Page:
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Energy | Environment

Ranching in Coal Country

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Editor’s Note: Should coal from Wyoming and Montana be transported through the Pacific Northwest and shipped to Asia? In our multimedia project, “Voices of Coal,” we bring you nine diverse perspectives from people across the region with a stake in that debate. Today’s installment: The Coal Country rancher.

L.J. Turner’s family started ranching more than a century ago in northeastern Wyoming. He remembers as a boy cutting ice from the creek outside the ranch for use during the summer.

Now the creek runs dry a lot of the time. Turner says the aquifers have been depleted by the nearby coal mines. Not long ago he had to dig a well more than 1,000 feet to reach the water.

Turner has also lost access to 6,000 acres of public land where he used to graze his cows. That’s where the mines are today.

Many of his neighbors don’t believe that humans are contributing to global climate change. It’s pretty clear to him that things are changing, and that burning coal is a reason.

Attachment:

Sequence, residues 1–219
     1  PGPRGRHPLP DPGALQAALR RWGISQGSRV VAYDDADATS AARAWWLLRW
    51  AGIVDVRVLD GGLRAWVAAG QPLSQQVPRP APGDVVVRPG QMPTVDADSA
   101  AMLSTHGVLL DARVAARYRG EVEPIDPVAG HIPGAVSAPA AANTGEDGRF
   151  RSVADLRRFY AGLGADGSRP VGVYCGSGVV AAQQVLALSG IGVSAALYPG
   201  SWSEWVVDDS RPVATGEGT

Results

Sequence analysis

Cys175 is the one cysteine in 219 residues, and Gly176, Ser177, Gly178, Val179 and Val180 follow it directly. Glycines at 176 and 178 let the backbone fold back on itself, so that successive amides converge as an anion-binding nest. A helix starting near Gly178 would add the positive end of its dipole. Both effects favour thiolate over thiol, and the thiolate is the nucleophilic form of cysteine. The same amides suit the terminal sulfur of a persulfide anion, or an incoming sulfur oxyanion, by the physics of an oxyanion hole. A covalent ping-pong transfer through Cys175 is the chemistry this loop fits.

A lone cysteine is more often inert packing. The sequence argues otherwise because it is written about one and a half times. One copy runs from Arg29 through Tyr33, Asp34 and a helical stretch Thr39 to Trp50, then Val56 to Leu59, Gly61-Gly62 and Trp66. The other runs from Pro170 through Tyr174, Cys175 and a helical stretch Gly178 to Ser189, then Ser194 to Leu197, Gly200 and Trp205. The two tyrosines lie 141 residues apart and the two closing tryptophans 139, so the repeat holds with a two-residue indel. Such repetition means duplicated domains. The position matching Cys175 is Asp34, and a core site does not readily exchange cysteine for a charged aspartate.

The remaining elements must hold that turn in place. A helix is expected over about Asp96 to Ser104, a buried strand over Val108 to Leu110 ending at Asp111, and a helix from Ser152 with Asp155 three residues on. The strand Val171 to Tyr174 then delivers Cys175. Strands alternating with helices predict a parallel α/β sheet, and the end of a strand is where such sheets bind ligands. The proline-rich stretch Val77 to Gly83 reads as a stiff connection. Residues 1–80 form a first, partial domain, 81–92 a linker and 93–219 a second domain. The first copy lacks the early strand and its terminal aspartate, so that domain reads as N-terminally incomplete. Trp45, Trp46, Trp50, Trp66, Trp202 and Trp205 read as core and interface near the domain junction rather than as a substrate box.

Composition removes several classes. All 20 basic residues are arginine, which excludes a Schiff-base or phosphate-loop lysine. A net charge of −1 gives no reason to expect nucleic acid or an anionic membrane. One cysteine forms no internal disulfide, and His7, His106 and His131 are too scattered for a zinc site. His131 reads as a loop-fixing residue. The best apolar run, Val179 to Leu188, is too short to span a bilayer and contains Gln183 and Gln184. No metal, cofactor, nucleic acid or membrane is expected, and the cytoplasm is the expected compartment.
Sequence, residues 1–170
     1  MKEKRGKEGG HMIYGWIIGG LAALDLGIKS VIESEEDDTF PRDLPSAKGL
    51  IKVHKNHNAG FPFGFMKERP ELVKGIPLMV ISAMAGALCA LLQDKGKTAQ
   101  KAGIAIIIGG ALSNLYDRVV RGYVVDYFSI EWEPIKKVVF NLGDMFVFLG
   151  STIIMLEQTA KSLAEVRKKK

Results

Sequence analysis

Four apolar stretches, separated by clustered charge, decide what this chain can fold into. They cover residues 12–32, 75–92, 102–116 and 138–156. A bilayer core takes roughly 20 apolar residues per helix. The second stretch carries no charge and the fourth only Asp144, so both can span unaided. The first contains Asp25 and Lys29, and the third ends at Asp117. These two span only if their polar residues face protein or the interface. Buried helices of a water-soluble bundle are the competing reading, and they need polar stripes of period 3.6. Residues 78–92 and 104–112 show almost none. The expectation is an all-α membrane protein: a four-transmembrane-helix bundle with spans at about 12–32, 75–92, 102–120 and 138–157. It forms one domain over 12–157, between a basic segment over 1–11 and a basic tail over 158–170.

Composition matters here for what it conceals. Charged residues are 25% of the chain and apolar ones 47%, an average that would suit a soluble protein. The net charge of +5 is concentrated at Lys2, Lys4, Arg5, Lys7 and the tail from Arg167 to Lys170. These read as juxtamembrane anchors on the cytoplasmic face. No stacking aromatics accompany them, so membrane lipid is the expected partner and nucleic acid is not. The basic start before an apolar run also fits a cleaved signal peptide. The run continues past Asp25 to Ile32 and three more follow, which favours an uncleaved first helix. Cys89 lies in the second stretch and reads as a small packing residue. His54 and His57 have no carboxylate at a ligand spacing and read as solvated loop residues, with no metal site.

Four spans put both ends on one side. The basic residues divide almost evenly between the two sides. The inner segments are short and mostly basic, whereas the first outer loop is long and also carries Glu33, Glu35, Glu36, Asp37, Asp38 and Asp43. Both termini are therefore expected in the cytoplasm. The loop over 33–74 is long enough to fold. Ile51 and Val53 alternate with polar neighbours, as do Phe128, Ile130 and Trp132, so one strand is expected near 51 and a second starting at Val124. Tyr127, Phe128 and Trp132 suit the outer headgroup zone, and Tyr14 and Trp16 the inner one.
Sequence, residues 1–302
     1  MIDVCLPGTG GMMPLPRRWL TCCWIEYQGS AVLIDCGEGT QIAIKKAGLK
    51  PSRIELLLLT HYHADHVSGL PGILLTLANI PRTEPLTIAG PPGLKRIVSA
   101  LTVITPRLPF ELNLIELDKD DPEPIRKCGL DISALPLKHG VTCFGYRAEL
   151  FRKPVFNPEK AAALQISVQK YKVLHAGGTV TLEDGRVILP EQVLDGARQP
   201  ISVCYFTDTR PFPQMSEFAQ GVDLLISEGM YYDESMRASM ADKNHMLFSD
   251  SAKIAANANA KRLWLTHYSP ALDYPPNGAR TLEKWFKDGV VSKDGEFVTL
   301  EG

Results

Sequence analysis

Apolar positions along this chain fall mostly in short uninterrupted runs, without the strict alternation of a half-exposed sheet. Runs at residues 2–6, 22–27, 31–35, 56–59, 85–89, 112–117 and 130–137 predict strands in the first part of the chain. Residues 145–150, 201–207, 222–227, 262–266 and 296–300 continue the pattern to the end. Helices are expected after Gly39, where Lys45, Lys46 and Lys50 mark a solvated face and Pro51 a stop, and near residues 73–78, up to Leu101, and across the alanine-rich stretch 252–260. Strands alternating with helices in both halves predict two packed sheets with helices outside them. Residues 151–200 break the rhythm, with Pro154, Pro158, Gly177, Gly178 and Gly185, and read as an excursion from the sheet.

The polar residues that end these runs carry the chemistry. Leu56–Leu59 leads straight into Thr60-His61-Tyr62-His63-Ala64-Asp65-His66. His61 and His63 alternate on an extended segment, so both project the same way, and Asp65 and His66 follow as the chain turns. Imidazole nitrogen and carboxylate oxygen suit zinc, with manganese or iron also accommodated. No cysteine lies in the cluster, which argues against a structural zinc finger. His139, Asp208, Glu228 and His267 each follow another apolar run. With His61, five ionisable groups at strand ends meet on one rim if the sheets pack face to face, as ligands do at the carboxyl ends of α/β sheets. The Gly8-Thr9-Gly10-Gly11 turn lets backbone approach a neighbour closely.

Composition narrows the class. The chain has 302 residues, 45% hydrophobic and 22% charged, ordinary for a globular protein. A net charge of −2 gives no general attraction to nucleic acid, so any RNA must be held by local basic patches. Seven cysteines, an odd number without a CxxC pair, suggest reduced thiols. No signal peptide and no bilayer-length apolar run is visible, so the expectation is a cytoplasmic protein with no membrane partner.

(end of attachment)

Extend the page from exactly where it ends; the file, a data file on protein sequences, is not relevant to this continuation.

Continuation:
Coal By The Numbers

  • More than 160,000 acres of land in Wyoming have been disturbed by mining.
  • About 4 percent of that land has been sufficiently restored to warrant final bond release.
  • Median household income is $78,356 in Wyoming’s Campbell County, home of 12 Powder River Basin coal mines.
  • More than 400 million tons of coal are extracted in Wyoming each year. That’s almost half the total amount of coal mined in the U.S.

Sources: Office of Surface Mining Reclamation and Enforcement, Wyoming Department of Environmental Quality Land Quality Division, United States Census Bureau, State of Wyoming Department of Revenue.

Click on any image below to visit Voices of Coal.

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